Tomorrow is Thanksgiving. A time to spend with friends and family, give thanks for the blessings in our lives, and enjoy some relaxation. Each year about 96% of American families gather to enjoy a Thanksgiving feast and almost 88% of Americans will eat turkey as part of their meal, according to blog.nationwide.com. As so many people are preparing a turkey for their dinner tomorrow, it is important to do so in a safe way.
For some people, Thanksgiving dinner is the biggest meal they will cook all year. Stay safe this week and follow some basic cooking safety tips from Foodsafety.gov:
- Preparing the turkey:
- Read labels carefully. Temperature labels show if the bird is fresh or frozen. If you plan to serve a fresh turkey, purchase it no more than two days before Thanksgiving.
- Purchase two thermometers: a refrigerator thermometer to ensure the turkey is stored at 40 °F or slightly below and a food thermometer to make sure the cooked turkey reaches a safe 165 °F.
- Thaw the turkey by using the microwave, the cold water method, or the refrigerator. The refrigerator method is USDA recommended exit disclaimer icon.
- Cooking the turkey:
- Wash hands with warm water and soap for 20 seconds before touching any food to prevent the spread of many types of infection and illness.
- Do not wash the turkey. This only spreads pathogens onto kitchen surfaces. The only way to kill bacteria that causes foodborne illness is to fully cook the turkey.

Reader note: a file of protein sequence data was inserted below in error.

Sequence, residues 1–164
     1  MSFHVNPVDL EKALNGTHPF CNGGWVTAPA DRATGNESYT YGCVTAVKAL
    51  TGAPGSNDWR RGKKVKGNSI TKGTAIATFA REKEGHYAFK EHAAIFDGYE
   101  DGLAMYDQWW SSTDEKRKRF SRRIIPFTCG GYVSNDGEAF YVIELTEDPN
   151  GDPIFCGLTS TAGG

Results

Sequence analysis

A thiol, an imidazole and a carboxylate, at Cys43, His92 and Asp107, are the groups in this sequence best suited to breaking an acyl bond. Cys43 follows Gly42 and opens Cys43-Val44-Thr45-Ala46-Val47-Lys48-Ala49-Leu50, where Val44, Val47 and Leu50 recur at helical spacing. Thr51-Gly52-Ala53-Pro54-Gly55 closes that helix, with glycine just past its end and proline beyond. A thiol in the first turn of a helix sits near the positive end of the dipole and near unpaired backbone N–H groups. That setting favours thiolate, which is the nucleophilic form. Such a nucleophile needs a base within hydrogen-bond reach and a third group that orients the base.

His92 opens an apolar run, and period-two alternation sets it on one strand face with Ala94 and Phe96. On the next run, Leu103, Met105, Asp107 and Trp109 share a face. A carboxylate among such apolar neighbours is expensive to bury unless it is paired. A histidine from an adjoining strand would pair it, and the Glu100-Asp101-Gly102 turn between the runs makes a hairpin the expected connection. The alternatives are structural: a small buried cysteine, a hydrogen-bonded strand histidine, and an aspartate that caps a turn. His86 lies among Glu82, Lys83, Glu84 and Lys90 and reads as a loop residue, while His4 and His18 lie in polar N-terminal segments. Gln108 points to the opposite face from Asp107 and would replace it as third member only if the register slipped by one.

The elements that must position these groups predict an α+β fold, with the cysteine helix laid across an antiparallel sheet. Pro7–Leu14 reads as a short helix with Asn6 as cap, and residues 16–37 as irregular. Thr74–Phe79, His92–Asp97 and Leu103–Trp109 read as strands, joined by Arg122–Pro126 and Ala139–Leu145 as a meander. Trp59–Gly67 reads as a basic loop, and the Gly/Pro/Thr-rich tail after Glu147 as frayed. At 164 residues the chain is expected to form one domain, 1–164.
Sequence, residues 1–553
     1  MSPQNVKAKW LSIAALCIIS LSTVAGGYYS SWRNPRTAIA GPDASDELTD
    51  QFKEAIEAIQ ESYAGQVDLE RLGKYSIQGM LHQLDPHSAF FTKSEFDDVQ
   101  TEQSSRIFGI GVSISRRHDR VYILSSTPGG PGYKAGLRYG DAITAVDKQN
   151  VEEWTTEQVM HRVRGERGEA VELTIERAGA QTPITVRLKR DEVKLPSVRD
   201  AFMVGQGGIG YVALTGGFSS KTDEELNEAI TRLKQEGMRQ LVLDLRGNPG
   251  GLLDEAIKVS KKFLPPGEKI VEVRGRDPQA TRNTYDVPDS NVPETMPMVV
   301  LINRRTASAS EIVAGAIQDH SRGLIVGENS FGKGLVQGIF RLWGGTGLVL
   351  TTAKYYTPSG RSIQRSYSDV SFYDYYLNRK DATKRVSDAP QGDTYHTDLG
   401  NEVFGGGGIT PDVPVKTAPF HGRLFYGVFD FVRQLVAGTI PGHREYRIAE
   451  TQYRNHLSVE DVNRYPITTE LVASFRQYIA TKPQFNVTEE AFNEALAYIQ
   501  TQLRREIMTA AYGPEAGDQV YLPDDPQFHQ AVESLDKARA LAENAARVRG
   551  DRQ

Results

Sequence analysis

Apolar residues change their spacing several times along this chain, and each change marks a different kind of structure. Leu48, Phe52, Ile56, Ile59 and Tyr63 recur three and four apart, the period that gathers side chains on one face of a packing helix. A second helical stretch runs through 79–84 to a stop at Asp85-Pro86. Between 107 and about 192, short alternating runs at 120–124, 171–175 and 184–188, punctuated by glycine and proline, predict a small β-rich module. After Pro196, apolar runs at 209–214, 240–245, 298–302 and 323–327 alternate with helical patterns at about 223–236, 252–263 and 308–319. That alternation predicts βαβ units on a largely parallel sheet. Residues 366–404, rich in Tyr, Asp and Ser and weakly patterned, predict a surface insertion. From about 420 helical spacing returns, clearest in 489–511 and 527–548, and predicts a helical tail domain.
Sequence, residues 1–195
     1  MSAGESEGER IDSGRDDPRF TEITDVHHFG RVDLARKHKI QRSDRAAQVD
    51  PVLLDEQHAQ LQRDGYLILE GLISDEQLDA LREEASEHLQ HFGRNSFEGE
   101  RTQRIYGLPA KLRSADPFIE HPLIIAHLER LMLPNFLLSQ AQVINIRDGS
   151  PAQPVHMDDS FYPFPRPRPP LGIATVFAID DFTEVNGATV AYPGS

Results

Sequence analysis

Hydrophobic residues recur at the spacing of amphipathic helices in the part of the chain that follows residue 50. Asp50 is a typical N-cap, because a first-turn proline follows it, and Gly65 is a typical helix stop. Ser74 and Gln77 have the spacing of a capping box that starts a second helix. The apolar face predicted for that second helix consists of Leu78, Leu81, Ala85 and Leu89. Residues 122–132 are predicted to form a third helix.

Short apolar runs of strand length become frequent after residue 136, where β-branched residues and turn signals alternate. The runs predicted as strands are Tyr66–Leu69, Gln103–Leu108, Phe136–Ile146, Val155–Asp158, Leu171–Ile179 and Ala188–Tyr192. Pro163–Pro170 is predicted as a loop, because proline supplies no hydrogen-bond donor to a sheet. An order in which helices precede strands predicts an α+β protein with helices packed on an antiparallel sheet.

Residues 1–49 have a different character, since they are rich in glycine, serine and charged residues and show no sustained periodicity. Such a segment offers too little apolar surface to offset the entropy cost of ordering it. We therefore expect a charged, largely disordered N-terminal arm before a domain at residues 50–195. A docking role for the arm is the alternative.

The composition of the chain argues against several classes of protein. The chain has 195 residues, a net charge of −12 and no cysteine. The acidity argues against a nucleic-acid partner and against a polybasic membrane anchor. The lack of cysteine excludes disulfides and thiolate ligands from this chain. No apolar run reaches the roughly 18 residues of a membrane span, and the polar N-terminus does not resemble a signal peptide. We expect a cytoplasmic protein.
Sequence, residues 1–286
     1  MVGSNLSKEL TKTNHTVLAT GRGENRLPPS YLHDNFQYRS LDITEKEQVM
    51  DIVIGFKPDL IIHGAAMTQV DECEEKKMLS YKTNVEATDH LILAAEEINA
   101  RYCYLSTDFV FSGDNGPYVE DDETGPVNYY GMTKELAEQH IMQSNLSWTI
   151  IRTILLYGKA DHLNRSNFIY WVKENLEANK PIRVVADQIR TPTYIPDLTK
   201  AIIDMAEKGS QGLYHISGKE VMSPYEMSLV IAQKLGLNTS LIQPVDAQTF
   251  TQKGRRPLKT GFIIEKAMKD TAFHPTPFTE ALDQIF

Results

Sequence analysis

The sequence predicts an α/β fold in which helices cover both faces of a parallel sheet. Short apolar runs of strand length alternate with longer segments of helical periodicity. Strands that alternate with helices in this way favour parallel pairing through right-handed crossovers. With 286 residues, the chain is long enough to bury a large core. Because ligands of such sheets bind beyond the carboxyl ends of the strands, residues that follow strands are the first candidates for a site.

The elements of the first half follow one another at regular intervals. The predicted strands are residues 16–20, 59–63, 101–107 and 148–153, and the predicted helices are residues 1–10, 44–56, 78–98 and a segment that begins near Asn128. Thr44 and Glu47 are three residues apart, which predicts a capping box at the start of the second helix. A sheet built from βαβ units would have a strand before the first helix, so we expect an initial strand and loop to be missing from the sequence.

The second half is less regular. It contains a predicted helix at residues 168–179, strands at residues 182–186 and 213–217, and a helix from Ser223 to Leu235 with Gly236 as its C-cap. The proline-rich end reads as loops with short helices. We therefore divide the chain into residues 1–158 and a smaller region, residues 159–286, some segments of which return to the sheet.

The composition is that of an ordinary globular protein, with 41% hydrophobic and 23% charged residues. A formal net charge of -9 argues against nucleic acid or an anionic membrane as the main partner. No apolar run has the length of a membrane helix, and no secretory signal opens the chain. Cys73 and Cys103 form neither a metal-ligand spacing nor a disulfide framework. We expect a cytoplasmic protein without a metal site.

- Keep raw turkey separated from all other foods at all times.
- Use separate cutting boards, plates, and utensils when handling raw turkey to avoid cross-contamination. Wash items that have touched raw meat with warm soap and water, or place them in a dishwasher.
- Cook the turkey until it reaches 165 °F, as measured by a food thermometer. Check the turkey’s temperature by inserting the thermometer in three places: the thickest part of the breast, the innermost part of the thigh, and the innermost part of the wing.
- Safety for leftovers:
- Refrigerate leftovers within two hours to prevent bacteria from growing on the food.
- Store leftovers in shallow pans or containers to decrease cooling time. This prevents the food from spending too much time at unsafe temperatures (between 40 °F to 140 °F).
- Do not store stuffing inside a leftover turkey. Remove the stuffing from the turkey, and refrigerate the stuffing and the meat separately.
- Avoid consuming leftovers that have been left in the refrigerator for longer than 3 or 4 days (next Tuesday to be exact). Use the freezer to store leftovers for longer periods of time.
- Keep leftovers in a cooler with ice or frozen gel packs if the food is traveling home with a guest who lives more than two hours away.
One Team. One Vision. One Goal. – Everyone Goes Home Safe!